Elizabeth Robinson is the Director of the prestigious Grantham Research Institute on Climate Change and the Environment, at the London School of Economics. EfD is proud to present her as one of the keynote speakers at EfD’s Annual Meeting in November 2021.
Elizabeth Robinson has over twenty-five years of experience in research on policies to reduce climate change emissions, protect the environment, and improve the livelihoods of vulnerable communities. She has degrees from Oxford and Stanford and has lived and worked in Tanzania and Ghana. Elizabeth Robinson is well-known to many within the EfD network and, among others, contributed to establishing EfD’s center in Tanzania and the forestry collaborative program.
Tell me about your current work!
Just as in my previous job at the University of Reading, the focus is on climate change and the environment and specifically the links between climate change, food security, and health.
Climatic stressors, such as heat and drought, affect people’s health in many ways, whether directly or through access to food and capacity to work.
Of course in my current role, I spend less time than before doing research myself, that’s the price you have to pay when you also have an administrative role.
It has such a tremendous reputation for its work on climate change. And my interests align well with those of Grantham. It was impossible to say no when this chance came up. If there is a time one should devote your career to this, it’s now.
I am excited to work with people who are so dedicated to achieving “net-zero”.
Much of our focus on a just transition, moving rapidly towards a low carbon society without increasing inequality is also so important. Even in England with the issue of whether or not to open a new coal mine in Cumbria, we have to find solutions that are acceptable for all.
How do you achieve a just transition?
You often hear people talk about climate policies as a negative thing, a cost. But it is important to highlight win-win situations. We can demonstrate the positive effects of a transition to a low-carbon economy: How reducing air pollution increases people’s quality of life and health, how we can reduce inequalities, reduce the pressure on the environment, tackle poverty, and so on.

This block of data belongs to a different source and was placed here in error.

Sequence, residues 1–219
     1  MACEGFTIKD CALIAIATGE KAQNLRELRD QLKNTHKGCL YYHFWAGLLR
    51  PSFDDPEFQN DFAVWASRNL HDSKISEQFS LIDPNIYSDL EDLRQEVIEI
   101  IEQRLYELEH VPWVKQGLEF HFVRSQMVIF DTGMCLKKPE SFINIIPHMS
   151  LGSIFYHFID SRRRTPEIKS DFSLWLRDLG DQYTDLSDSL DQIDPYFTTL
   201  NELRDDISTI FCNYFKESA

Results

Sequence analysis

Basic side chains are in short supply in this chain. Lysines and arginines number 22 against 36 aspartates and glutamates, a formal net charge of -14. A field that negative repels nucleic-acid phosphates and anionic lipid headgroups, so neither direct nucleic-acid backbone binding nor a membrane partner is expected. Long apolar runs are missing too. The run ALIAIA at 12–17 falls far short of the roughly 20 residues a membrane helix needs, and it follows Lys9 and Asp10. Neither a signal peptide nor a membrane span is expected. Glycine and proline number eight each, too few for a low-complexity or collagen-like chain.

What are the most interesting aspects of your work?
Working closely with people outside of academia, such as policymakers and NGOs. I also really enjoy working with my colleagues at the EfD centers in the Global South.
The most exciting part is that I really believe that environmental economists can make a difference when we work in the policy arena.
What are you most proud of in your career?
That’s impossible to say. I have been privileged to work with so many interesting people. It was for instance fantastic to work with EfD Tanzania. My six months with EfD China was also a wonderful experience. Many of my best moments were made possible thanks to EfD, an organization I have been linked to for almost 20 years now.
What will you talk about in your keynote presentation?
I will talk about the links between climate change, food security, and health. We now have really good data on climate and weather, crop yields, livelihoods, health outcomes, and are able to attribute aspects of child health, for example, to weather and climate anomalies.
What does EfD’s Annual Meeting mean to you?
I have been to many of them and they are always great fun, sharing all the fantastic work that is done at all the centers. It’s nice to hear the presentations by the authors and the discussions rather than just reading the papers. You experience the passion people have for their work. That part is still there even with the online meetings.
But of course, we all miss meeting in person – the coffee break chats, the serendipitous meetings that can lead to interesting collaborations.
EfD has a much bigger voice than its budget would suggest. It’s a wonderful network that achieves great things.
The Grantham Research Institute on Climate Change and the Environment was established by the London School of Economics and Political Science in 2008 to create a world-leading center for policy-relevant research and training on climate change and the environment, bringing together international expertise on economics, finance, geography, the environment, international development, and political economy.
By: Petra Hansson